Your Ad Here

Wednesday, August 29, 2007

My Perspective: A Path Of Redemption For Michael Vick

By Scott Nance

I'm not a sports fan. I didn't have any opinions of football star Michael Vick regarding him or his career. I hadn't even heard of him until stories of his dogfighting came to light in the press.

I'm a dog owner. More than that, I have cared for dogs for years and volunteered to help many lovable dogs find new homes, sometimes coming from abusive situations. So you can imagine my opinion of him once I learned of his crime. To describe it in words would be only cliche and trite.

My opnion of Vick began to change somewhat when I read an account of his guilty plea in court. After expected the repudiations of dogfighting, he said, "I will redeem myself. I have to."

I found it to be a somewhat surprising thing for him to say and if he is sincere, a really brave thing to say, as well.

If Vick is sincere, it is possible for him to redeem himself and I began to think about a path he could travel to accomplish that.

Vick, of course, will have to travel that path following whatever mode of spirituality he finds in his heart, be it Christianity or any other.

However, I can only describe that path within the context of my own spirtual path, that of Buddhism.

In that light, what Vick has done -- abuse and kill other beings simply for sport and pleasure -- carries very heavy negative karma. That karma is already bringing him suffering and will continue to carry suffering in the future.

But it is said that the only good thing about negative karma is that it can be purified. Michael Vick can purify his negative karma.

The history of Buddhism is filled with stories of horrible murderers even who once they sincerely dedicate themselves to the spiritual path completely purify their karma and attain enlightenment, which is the goal of all Buddhists.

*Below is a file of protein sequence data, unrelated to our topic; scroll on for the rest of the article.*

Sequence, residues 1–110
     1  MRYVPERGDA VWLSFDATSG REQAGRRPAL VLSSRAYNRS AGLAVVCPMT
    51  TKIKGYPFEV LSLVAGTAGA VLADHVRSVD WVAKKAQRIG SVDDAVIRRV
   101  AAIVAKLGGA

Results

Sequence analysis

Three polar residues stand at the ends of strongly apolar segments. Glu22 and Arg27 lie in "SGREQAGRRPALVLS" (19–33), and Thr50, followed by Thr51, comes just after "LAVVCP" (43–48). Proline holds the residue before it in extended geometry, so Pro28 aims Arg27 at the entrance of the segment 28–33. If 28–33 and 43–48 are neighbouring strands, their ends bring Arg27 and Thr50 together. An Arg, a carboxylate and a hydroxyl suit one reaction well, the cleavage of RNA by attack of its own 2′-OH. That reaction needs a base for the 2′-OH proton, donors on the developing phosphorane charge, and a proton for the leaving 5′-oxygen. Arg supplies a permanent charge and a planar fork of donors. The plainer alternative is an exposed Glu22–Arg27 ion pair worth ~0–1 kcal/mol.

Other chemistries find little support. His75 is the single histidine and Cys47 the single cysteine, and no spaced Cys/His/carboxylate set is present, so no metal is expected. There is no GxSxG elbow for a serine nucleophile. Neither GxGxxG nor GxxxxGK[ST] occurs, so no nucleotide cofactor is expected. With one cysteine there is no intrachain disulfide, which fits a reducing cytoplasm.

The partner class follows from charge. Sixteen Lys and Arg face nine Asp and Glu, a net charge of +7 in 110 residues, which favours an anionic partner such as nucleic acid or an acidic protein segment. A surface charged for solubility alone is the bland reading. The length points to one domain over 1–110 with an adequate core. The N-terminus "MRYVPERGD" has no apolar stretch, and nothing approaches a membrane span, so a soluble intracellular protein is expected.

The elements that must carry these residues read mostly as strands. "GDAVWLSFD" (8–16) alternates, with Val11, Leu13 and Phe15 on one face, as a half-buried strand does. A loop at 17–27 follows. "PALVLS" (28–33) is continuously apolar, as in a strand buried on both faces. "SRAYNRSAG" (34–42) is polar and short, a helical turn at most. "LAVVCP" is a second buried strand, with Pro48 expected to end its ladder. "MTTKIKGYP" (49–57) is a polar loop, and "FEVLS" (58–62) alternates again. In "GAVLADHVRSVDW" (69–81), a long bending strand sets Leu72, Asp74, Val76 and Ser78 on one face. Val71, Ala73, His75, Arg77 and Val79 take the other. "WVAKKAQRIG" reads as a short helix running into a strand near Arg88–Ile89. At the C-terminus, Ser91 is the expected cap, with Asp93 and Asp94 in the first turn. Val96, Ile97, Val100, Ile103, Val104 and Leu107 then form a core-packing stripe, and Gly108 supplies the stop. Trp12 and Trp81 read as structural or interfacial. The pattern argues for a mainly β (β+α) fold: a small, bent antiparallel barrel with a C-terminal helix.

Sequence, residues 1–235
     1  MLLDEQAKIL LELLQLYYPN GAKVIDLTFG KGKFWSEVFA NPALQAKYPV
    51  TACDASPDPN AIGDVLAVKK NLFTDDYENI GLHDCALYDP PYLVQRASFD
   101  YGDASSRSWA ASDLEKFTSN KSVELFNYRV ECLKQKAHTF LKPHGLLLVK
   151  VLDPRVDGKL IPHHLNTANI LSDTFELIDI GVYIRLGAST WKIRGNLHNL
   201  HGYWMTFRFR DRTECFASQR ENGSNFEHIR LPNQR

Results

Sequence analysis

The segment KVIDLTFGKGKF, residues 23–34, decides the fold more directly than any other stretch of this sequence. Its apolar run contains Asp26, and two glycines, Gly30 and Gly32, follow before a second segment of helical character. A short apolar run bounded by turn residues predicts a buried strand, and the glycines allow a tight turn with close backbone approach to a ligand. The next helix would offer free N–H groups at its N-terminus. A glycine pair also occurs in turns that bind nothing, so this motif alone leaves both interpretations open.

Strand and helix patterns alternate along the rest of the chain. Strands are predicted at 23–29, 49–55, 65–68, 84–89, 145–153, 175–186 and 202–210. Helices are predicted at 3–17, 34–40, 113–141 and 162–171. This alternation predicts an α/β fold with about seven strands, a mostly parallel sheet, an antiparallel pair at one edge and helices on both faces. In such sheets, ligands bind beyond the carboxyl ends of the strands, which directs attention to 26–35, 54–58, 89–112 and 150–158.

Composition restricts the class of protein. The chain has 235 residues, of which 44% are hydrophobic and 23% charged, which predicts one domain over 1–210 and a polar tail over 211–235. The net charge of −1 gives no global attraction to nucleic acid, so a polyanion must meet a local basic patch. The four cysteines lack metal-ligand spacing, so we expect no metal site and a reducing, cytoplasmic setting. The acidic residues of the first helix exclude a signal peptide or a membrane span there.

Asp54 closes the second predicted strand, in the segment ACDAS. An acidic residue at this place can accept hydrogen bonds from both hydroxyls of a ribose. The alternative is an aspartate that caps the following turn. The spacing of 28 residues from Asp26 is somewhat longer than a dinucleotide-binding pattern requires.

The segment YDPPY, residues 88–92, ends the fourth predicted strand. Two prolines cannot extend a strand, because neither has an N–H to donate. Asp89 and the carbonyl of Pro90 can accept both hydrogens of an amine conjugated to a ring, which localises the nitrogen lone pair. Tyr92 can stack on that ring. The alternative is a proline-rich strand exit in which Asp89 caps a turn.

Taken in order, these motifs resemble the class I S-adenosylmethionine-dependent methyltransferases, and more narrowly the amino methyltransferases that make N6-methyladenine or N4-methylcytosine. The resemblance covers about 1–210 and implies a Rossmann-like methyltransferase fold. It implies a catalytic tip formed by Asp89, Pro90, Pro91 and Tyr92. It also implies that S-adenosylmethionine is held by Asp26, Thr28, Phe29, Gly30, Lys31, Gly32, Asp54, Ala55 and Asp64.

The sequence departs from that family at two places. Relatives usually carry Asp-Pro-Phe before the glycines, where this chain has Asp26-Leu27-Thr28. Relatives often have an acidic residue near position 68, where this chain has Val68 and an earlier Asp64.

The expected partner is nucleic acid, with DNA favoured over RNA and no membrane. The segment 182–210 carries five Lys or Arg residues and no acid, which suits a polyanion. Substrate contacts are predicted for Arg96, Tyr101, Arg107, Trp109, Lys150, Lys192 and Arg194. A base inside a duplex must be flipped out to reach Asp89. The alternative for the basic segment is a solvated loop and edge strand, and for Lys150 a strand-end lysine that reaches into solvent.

Clearly, as Vick himself said, he will have whatever prison time he is given to reflect and think about his actions. That is the start.

There are reports of the Vick's employers looking to reclaim millions they paid him on his contract. I hope that after prison though he is left with some wealth.

That wealth won't be for his own benefit. Rather, it could become a valuable resource to a great number of good works to benefit as many others as possible.

In fact, to be serious about redemption, Vick has to forget about any future back in pro football. He has to begin sincerely and consistently putting others before himself.

Considering his crime is dogfighting, Vick may consider appropriate after prison his first good works will be to help homeless and abused animals, donating time and money to animal shelters, humane societies and the like. If he does have a love of football, he could also give of himself to youth sports and other youth programs, for instance.

Vick, however, should not in any way advertise or promote his connection to these good works. If he does, he may get some good PR in the short term but not actual redemption. No, Vick needs to do these good works not to shine attention to himself but rather merely for trying to help others and be of benefit. If Vick goes about these good acts but the world never hears of them or even hears much of Michael Vick ever again, he will be on the right path.

If Vick does all of this, along with prayer, meditation or whatever other spiritual support Vick finds to be authentic to him, he will find a genuine transformation within himself.

It will likely take a lifetime, but Michael Vick will be redeemed. He is right, he has to be.

More than that, if he is successful, Michael Vick will actually become a role model of all of the rest of us who need our own redemption.

A journalist for 20 years, Scott Nance is publisher of Life, The Universe Media, including the Life, The Universe ... and On The Hill news sites.

Watch more breaking news now on our video feed:

Bookmark and drop back in sometime.

Labels: , , , , , , ,


Post a Comment

Subscribe to Post Comments [Atom]

<< Home